It's your provider....kiddies are off from school on weekends and holidays and most likely your provider is unable to handle the increase in traffic/bandwidth use....

If your system works great other hours, and not on weekends/holidays...it has to be thier system....

Doc

<{POST_SNAPBACK}>

Not according to Comcast. Standard answer to all problems is "it's your system, ours is fine, you need to schedule an on-site service call." How many times do I have to do this before they figure out it ain't my system that's the problem? :angry:

Oh, speeds are just fine this morning, likely to remain that way until next weekend. <_<

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Yep I suspect you are loosing bandwidth to your neighbors. Keep a log of the actual speed reports for a few weeks and then you can show them some facts on when the slowdown occurs. If it is sapped bandwidth though you might be out of luck since it is not really a technical error.

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Sorry, but screw what Comcast is telling you. That has been a consistant problem with cable modems from Day-1. The times are consistant with "Peek" hours. They can scream it aint their problem but it is.

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Ok, I had the opportunity to come home for lunch today and check my internet connection. Extremely slow upload this morning, I quit trying around 06:35. At 12:00 I am getting blazing fast upload and download speeds, further leading me to believe that there is either an excessive number of subscribers hooked onto this cable line or someone is making massive uploads of movies and/or music before and after work or school.

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Cable connection speed is dependent on the number of users...plain and simple. If there is a guy in your neighbourhood running some sort of internet business ( or a porno site ) they will suck up all your bandwidth.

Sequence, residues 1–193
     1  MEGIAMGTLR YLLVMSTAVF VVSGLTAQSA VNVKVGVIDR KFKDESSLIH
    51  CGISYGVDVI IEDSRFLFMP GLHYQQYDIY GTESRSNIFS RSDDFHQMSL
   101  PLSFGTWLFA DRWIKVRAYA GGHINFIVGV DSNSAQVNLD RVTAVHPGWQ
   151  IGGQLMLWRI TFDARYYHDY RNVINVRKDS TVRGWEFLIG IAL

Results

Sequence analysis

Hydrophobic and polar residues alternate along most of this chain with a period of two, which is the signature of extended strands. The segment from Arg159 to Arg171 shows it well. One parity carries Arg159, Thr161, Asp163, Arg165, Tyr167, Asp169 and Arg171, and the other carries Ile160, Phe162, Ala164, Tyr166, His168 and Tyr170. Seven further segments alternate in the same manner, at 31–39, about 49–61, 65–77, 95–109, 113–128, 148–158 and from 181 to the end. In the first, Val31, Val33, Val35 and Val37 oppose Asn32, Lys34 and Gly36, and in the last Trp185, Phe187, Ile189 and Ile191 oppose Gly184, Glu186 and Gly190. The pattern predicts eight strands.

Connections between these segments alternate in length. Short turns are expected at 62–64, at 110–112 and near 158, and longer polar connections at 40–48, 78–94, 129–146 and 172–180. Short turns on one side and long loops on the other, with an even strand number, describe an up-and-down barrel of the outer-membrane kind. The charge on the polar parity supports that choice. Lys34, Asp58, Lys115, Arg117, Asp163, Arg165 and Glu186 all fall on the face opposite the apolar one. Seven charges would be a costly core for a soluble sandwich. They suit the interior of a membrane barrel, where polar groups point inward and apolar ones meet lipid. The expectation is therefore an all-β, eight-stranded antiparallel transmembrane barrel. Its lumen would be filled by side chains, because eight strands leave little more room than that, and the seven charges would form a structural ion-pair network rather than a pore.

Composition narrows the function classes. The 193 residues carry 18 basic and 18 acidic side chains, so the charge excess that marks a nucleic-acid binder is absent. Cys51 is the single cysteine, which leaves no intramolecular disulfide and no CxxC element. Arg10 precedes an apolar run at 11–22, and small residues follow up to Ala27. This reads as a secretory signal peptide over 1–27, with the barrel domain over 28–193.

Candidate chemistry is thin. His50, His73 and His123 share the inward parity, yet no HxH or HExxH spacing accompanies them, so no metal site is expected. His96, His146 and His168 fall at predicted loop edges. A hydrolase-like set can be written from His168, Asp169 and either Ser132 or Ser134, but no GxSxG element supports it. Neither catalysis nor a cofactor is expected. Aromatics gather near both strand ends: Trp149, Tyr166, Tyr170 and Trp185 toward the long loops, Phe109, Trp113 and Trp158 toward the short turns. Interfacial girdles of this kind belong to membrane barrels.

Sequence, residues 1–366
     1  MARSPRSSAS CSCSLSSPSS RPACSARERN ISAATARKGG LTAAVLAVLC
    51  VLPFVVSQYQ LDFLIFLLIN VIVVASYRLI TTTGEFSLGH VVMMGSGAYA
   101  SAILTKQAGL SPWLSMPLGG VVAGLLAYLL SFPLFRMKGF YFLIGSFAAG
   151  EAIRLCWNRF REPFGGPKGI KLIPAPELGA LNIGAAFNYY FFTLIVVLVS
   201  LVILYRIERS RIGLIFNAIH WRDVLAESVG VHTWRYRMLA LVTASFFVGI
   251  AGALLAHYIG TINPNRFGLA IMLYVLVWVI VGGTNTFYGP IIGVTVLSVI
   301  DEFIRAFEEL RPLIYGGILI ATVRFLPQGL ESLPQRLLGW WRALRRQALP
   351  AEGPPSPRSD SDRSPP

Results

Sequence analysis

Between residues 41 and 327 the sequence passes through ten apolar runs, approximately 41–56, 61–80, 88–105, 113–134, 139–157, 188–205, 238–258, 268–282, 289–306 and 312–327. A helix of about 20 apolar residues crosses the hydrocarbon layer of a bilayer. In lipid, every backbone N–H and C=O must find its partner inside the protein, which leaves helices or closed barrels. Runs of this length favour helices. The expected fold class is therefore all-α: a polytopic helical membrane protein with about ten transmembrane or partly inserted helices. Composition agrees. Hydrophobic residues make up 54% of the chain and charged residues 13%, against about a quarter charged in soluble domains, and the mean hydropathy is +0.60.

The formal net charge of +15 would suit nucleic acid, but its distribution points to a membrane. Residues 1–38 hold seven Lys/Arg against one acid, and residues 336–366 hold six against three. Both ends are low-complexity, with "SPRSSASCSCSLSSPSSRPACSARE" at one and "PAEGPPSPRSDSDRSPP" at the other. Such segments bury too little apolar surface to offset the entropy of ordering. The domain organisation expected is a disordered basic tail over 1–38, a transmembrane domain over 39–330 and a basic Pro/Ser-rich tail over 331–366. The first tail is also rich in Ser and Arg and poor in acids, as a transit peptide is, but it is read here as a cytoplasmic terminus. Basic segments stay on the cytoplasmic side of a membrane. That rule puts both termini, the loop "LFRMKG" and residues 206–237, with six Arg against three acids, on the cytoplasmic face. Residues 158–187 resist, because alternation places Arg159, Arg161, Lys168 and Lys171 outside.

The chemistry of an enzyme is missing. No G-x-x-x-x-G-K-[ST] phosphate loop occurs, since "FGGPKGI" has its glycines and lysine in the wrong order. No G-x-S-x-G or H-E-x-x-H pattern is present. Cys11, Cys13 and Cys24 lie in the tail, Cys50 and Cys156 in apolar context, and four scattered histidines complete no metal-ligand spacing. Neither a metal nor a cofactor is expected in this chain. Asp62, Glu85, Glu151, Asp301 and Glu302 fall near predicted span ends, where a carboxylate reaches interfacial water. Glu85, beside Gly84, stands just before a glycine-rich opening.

DSL is independent of the number of users , but overall is slower than cable. If your cable ISP is on the ball and puts in more hubs as the number of users increase and upgrades to better fibre...then you will be fine...it sounds to me like your ISP is screwing you around. They can do a remote test and check upload and download speeds anytime.

BTW I have cable and it's great but in other parts of the City DSL works better.

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Yeah, well, Comcast seems to have a reputation for screwing their customers. This slow down crap started recently and the times are usually when the kids are out of school. If it's a porno site, then it will be gone as soon as Comcast figures it out. Same for an illegal movie or music server.

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Stans, just caught this. I was a Roadrunner tech for a good few years and slowdowns are a part of the problem although it is a two part problem. If there is a high density area that is fed off the same fiber distribution node that you are on then slowdowns will/can occur. The problem is usually caused by sudden increase in traffic, ie when kids get home as already stated or if there is a library/school or other public place where high internet traffic might occur at those same times.

The second part of the problem is, potentially, ingress getting into the return (or forward path) of the cable signal at those times. This is usually due to a crack in the cable that is allowing external signals to interfere with the delicate forward and return characteristics of modern digital cable signal distribution. This can come from any number of sources but can be detected by the cable company if they have a regular signal leakage prevention/detection program..who knows with Comcast?!

The bottom line is it is Comcasts issue, in the first case they didn't design for the amount of subscribers in that node region or the sub count has increased in which case they need to consider adding a second node. In the latter case it's sloppy preventative maintenance!

A bit long winded but there you have it! :)

Ogs.

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A Comcast technician just called me, said there had been a number of complaints coming from my area. Yesterday, they tracked the problem to a poorly grounded circuit. He said that a poorly grounded circuit would allow normal download speeds, but when the modem tries to upload, it can't overcome the excess electrical activity in the line, so it just keeps re-sending the same signal until it gets through. The end result is a very slow upload speed.

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Bad grounds at amplifier stations can cause that and it's known as "common path distortion" It's not directly an electrical problem but that's a simple and effective explaination. It sounds like they have a good handle on it.